Jul 17, 2011

[Technicolor Musings] The Fear Of Getting Tested

I'm pretty sure that it's universally accepted that HIV / AIDs is pretty damn scary. Everyone who has engaged in sexual activity has probably thought about it at least once, perhaps more so if you're a gay man. Or among men who have sex with men, if you're the type who rejects gender labels and identification with roles of sexual orientation. After all, gay sex has just about 0% risk of pregnancy and thus the need for condoms generally gets thrown out the window by a significant portion of the sexually active queer population.

Flickr: Narisa - HIV testing awareness ad campaign
HIV testing awareness ad campaign
by Narisa Spaulding via Flickr.

In my previous 7+ year relationship, I had never gotten tested for HIV. I could claim that it just never came up in our discussions or the fact that we were a monogamous couple, but of course those reasons won't stand up in court. Heck, I can't look you in the eye and say it was a strictly monogamous relationship since we did involve a few others in terms of our "activities".

So when I finally got tested for HIV for the very first time in my life with my current partner, I admit it was scary. As much as I knew that my chances seemed small, naturally the risk factors where still present in both of our histories. While we all do our best to keep safe, everyone slips up at least once or twice in their lives.

Implicitly, asking about HIV testing often feels like an accusation of infidelity. The logic usually goes that since we're supposed to be in a monogamous relationship, there shouldn't be any risk factors, right? It's not like we do drugs nor do we get regular blood transfusions. Thus to ask about getting tested feels like saying that one or both of you have engaged in sex with a third party, which is totally the WRONG thing to assume.

I was reminded of this fact when I read Nishiboy's blog post where he had his own run in with the HIV testing question with the guy he was seeing. I felt the reaction was totally out of proportion with what he was saying and totally unjustified. And I'm sure a lot of you have found yourselves in the same situation at least once in your lives. And with groups like The No Day But Today Project and The Love Yourself Project trying to spread the message of HIV / AIDs awareness and advocacy here in the Philippines, I thought it prudent to share a few of my own thoughts on the matter.

Flickr: sea turtle - After the Walk
After the Walk
by sea turtle via Flickr.

Everyone Should Get Tested - Doctors now state that everyone, regardless of sexual activity, to get tested for HIV at least once a year. Consider it as a regular part of your annual physical exam just like how we get regular blood tests and chest X-rays. For those who are exposed to possible risk factors, which includes sexual activity, use of needles and related equipment, testing can be as frequent as every 3 months but at least once every 6 months.

This Is About Health, Not About Promiscuity - We need to separate the act of getting tested from the question of whether or not you and your partner are being faithful to one another, at least for those in relationships or related arrangements involving regular sexual activity. The risk factors are everyone after all including instances when we have exposed wounds, engaging in oral sex and having medical procedures done at hospitals. Admittedly these are smaller / lesser risk factors, but the risk remains and you should always do the responsible thing.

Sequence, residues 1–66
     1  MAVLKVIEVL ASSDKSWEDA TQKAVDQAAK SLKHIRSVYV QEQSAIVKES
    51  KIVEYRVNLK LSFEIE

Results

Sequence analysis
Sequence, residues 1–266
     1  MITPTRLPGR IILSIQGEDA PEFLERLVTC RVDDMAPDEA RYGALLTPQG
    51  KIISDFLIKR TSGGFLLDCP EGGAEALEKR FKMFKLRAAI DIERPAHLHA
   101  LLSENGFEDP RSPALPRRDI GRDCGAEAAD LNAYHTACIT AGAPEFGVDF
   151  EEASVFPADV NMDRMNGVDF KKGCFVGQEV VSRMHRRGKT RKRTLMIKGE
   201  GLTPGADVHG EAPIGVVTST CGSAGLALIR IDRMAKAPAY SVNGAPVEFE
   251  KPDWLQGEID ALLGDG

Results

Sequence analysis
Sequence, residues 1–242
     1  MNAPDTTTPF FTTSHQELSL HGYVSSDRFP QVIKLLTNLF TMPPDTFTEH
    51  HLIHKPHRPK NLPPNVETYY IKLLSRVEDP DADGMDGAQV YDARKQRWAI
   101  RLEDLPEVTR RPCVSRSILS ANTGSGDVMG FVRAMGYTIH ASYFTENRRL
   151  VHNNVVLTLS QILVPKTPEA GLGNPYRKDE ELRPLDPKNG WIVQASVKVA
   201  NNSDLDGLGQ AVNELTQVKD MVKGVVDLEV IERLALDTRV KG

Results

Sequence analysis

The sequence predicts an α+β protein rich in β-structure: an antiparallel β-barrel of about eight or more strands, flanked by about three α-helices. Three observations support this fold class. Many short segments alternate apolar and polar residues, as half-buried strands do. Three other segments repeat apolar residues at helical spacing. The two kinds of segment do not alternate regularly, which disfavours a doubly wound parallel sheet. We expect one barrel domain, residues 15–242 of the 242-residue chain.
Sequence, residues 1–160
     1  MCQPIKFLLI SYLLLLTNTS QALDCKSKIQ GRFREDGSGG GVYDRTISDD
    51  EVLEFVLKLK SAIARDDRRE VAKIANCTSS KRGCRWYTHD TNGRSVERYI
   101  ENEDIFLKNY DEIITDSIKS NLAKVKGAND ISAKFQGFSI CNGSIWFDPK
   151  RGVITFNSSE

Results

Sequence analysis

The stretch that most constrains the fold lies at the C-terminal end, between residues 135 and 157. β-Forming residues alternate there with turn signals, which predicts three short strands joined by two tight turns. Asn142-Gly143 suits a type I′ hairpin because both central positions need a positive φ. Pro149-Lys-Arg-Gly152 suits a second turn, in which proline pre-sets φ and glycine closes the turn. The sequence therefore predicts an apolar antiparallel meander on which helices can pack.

Flickr: sea turtle - Smile in the Crowd
Smile in the Crowd
by sea turtle via Flickr.

Talking About HIV / AIDs Is Not About Trust - Often the assumption is made that only sexually promiscuous individuals (read: "sluts") stand the risk of getting HIV while all the other "normal" people have no such risk factors. Just think about how many times you've engaged in unprotected sex with a person, including hook-ups that you had just met. Sure, maybe you got some verbal assurance that he or she is negative, but when was the last time he got tested? Did you see the test results himself? And consider how many people he or she may have slept with since then? And since you're not using protection now, how many times did your sexual partner do the same thing with other people?

It can all get a little staggering when you start running the numbers. The statistics can be rather overwhelming, thus all the more you need to make sure you get yourself tested regularly.

HIV is a disease just like everything else in the world and we need to constantly keep yourselves safe. Get tested regularly. Practice safe sex. And stop looking at people who have HIV / AIDs as evil, slutty people. All it takes is one mistake with the wrong person, and you just might end up with the same condition. Then what, right?

Flickr: denglidendekop - Copenhagen Gay Pride Parade 2009
Copenhagen Gay Pride Parade 2009
by denglidendekop via Flickr.

Lastly, We Need To Face Our Fears - Many people avoid testing out of fear of the results. What if I'm positive? What if I have HIV? Well, we're all dying, albeit at different paces. But you stand a much better chance of living a longer life if we diagnose it earlier rather than later. While we still don't have a cure, medical science has come a long way and has found many ways to help HIV positive individuals continue to live full lives. And if you're negative, then great! But now you actually know for certain - an additional notch on your belt at least for the next six months.

And in case you were wondering, our tests came out negative. Major sigh of relief, I know. And as part of our promise to support the HIV / AIDs awareness / advocacy movement, we've committed to get tested at least once a year.

It's the responsible thing to do after all.
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